Most importantly, just very good luck. Esme' is gorgeous!

    1. Thank you so much for sharing your story and the great resources, Tamara! That thread is such a wealth of knowledge. It’s a lot of the same info as the Taking Cara Babies newborn course I took, but reading through it has confirmed to me that Esmé’s sleep issues are because she’s overtired. I’m so glad to hear things are easier/better for you now and I’m sure we’ll get there someday soon! <3

      1. So much depends on what kind of baby you have! My first two were twins and sleeping through the night by 8 weeks, all on their own. We’re on a schedule and generally very easy babies. Then my third came along when the twins were 2 and he was a devil baby!!! I hated anyone whose baby didn’t scream nonstop and who nursed easily. The youngest is about to be 3 and the twins 5 and my youngest is still demanding but an absolute joy and things are soooooooooooo much easier. Hard babies are flippin HARD!! Hang in there! The kids all do projects with us now and I think you’ll really enjoy that part of parenting when the time comes!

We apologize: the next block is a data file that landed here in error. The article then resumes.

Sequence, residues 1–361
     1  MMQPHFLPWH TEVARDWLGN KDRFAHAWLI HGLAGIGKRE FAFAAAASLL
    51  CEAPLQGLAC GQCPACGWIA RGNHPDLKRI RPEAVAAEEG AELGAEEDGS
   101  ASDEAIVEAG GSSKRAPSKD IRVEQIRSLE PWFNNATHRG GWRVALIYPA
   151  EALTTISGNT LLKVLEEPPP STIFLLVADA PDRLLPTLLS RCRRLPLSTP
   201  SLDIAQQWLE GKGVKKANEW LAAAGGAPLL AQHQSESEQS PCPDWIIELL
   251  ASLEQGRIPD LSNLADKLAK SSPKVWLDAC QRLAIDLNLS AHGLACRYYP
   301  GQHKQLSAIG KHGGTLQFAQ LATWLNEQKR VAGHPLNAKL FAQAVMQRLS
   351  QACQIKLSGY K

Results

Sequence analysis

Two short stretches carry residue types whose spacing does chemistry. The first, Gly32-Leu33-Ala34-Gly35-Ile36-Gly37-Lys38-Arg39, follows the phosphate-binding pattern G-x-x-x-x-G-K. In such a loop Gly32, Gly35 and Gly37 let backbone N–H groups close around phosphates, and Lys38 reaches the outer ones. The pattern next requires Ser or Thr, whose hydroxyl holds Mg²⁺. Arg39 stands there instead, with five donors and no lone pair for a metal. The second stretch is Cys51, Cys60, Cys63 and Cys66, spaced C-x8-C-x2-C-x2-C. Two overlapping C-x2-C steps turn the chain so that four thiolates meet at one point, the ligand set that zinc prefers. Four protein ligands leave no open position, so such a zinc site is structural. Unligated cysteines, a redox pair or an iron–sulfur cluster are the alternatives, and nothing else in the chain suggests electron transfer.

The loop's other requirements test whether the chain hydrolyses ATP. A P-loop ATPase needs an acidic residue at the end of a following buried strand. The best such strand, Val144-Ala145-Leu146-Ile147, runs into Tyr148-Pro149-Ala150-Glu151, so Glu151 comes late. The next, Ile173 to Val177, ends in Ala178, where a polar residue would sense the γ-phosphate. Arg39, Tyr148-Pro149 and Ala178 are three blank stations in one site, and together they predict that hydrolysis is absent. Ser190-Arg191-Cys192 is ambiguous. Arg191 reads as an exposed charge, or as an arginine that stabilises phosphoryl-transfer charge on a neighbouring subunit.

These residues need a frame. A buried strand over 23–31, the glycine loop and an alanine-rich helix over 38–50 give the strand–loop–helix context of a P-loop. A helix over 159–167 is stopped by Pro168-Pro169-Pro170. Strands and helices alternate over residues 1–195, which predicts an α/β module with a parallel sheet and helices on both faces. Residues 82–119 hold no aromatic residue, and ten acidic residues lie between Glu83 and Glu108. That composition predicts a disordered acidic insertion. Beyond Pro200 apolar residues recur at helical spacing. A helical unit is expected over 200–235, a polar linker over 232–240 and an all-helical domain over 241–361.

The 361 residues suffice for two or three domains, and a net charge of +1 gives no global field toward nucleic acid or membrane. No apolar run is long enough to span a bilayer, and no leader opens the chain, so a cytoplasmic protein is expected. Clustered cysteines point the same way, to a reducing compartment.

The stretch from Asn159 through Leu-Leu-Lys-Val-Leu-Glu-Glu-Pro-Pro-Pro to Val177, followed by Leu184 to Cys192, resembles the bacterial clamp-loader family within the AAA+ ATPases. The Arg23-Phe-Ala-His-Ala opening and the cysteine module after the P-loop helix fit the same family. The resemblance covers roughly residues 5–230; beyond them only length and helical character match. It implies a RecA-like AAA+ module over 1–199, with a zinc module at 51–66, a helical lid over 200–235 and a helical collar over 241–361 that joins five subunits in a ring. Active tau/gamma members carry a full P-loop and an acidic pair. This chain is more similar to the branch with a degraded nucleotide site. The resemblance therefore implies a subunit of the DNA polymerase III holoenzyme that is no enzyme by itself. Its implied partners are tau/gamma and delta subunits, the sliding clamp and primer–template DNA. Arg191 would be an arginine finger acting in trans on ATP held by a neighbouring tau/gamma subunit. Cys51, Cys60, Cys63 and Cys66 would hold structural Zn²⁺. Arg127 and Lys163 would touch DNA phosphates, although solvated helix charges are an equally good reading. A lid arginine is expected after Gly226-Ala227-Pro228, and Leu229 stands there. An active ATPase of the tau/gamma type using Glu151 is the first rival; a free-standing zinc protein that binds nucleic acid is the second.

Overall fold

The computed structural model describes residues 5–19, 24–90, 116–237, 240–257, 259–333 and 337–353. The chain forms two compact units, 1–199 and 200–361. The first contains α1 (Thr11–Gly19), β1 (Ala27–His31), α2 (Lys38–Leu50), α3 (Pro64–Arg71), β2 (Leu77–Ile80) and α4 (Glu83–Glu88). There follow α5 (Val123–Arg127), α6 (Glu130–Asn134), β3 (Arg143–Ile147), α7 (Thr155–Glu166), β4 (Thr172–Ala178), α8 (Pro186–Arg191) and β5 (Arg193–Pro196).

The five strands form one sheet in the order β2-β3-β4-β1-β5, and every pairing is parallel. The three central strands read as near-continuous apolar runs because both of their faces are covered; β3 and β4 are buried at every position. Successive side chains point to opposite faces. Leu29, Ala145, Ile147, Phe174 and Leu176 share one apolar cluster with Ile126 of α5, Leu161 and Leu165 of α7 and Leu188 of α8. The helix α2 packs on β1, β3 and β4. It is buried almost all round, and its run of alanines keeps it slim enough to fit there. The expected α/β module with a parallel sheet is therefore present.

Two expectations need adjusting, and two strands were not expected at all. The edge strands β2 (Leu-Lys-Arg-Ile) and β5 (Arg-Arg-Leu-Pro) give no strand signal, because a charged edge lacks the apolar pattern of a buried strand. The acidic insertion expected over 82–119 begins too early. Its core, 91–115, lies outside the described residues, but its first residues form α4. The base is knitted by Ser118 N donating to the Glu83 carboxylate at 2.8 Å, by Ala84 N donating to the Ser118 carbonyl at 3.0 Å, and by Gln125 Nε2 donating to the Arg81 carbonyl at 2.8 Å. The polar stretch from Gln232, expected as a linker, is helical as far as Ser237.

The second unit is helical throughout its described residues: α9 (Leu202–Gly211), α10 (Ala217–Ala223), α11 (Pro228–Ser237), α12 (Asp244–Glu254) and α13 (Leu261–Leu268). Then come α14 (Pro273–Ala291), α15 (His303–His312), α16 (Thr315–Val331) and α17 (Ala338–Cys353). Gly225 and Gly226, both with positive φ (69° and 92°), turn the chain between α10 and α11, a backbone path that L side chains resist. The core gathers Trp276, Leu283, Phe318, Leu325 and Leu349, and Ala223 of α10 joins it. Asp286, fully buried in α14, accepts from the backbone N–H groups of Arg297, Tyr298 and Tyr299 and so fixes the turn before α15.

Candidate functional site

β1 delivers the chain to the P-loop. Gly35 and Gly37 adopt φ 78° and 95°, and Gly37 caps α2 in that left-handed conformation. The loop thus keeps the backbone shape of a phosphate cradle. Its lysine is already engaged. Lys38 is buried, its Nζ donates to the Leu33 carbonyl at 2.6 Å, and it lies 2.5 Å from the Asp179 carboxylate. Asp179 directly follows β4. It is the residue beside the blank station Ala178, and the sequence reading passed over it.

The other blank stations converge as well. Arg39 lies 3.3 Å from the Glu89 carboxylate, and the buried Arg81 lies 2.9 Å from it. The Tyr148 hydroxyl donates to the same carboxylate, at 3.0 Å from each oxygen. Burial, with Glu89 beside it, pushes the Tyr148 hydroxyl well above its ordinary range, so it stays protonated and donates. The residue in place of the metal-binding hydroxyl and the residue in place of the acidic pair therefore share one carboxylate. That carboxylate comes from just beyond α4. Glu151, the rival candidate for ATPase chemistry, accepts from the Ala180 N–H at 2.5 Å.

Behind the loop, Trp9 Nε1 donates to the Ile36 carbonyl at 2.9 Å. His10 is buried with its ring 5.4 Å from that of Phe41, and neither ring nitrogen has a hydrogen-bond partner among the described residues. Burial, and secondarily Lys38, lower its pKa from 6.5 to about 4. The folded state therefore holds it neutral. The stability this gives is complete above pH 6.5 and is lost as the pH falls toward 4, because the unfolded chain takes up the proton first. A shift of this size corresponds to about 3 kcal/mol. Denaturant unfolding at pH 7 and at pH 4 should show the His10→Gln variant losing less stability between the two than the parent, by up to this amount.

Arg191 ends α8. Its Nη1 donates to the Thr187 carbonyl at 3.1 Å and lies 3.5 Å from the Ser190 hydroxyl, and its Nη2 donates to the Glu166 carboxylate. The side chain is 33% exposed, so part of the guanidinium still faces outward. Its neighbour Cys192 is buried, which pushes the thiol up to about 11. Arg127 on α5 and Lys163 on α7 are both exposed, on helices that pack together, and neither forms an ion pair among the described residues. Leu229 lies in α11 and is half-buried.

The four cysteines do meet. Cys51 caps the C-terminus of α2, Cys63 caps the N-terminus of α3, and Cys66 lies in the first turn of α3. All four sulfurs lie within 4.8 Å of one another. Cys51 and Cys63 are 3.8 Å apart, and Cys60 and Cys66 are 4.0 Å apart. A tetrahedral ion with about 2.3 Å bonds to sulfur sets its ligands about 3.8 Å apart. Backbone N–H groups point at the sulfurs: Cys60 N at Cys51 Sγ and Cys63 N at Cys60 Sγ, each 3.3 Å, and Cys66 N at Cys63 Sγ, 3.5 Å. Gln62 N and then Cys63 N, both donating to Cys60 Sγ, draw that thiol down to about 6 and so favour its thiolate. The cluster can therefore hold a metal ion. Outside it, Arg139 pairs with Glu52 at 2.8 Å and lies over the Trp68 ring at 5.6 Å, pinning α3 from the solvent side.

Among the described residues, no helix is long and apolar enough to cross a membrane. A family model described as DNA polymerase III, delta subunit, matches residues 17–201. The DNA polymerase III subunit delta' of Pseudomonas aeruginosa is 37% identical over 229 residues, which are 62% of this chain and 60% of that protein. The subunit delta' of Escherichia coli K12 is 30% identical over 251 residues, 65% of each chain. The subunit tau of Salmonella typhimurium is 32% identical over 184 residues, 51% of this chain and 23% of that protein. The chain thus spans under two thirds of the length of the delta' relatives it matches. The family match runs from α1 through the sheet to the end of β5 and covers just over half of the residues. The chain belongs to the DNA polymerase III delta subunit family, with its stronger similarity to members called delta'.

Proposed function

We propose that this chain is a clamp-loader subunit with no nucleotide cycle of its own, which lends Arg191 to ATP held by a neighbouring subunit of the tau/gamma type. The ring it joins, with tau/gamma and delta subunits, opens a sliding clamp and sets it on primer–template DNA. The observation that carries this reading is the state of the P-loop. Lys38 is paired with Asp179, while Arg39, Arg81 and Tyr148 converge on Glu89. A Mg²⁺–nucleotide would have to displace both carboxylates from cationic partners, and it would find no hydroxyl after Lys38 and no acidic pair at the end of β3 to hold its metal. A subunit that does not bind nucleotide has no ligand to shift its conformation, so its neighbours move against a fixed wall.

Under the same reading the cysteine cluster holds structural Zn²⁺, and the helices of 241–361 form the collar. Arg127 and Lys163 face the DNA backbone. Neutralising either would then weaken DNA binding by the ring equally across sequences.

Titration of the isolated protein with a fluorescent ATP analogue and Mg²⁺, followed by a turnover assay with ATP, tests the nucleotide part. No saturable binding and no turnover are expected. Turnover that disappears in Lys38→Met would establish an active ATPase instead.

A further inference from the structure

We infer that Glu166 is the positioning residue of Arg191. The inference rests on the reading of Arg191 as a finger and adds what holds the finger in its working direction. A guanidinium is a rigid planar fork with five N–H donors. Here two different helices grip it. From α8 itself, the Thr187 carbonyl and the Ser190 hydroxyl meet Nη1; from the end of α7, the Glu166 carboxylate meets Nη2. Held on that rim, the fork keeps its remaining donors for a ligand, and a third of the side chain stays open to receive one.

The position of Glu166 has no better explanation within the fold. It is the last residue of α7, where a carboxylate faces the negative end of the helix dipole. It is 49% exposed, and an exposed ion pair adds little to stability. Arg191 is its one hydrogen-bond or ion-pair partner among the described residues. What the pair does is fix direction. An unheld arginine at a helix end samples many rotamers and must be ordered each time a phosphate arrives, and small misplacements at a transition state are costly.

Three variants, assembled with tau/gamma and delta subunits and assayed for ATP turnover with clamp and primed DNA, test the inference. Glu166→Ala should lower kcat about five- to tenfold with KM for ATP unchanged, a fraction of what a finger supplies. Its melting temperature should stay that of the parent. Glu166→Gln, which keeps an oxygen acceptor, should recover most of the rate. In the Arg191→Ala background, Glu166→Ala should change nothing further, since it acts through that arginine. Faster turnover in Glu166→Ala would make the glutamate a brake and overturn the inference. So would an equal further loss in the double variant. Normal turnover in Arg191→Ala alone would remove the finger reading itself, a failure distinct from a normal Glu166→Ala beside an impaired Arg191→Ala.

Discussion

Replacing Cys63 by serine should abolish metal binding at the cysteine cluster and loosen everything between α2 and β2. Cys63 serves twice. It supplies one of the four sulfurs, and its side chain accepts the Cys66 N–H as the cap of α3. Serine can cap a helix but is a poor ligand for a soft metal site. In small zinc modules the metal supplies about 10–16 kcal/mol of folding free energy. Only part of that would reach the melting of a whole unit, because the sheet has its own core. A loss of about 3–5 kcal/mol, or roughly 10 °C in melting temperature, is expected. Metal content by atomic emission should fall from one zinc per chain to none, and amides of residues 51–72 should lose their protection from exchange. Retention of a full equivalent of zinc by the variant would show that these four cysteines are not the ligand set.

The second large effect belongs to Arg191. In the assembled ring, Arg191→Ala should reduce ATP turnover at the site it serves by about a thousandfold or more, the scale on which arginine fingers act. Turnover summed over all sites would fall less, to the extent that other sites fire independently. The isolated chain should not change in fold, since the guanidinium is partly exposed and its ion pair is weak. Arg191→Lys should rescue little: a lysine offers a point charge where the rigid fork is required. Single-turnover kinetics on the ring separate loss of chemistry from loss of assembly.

14. Now weeks look like years for you. It overwhelming but it will pass. Esmé is here to teach you to pause. Take this opportunity, you will grow and will realize that these moments, that are now eternal, will not come back again. Not with her.

  15. You are not alone. I had the same thoughts and feelings; I think all new moms do. I remember describing it as being hit by a truck – not physically, but mentally. Motherhood is a whole new identity, and it takes time to incorporate it into your other identities as a woman, wife, entrepreneur, etc. Carving out little bits of time alone, even though it’s hard to be away from your darling daughter, will help to rediscover yourself and make it easier to absorb the motherhood identity. Hang it there – it really does get better and better. And congratulations!